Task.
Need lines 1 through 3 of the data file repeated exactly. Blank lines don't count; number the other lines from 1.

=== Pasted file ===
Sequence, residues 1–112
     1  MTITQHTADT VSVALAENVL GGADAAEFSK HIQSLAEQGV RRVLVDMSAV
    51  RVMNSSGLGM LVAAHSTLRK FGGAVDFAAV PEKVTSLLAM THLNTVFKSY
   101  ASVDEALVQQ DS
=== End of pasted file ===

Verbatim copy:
Sequence, residues 1–112
     1  MTITQHTADT VSVALAENVL GGADAAEFSK HIQSLAEQGV RRVLVDMSAV
    51  RVMNSSGLGM LVAAHSTLRK FGGAVDFAAV PEKVTSLLAM THLNTVFKSY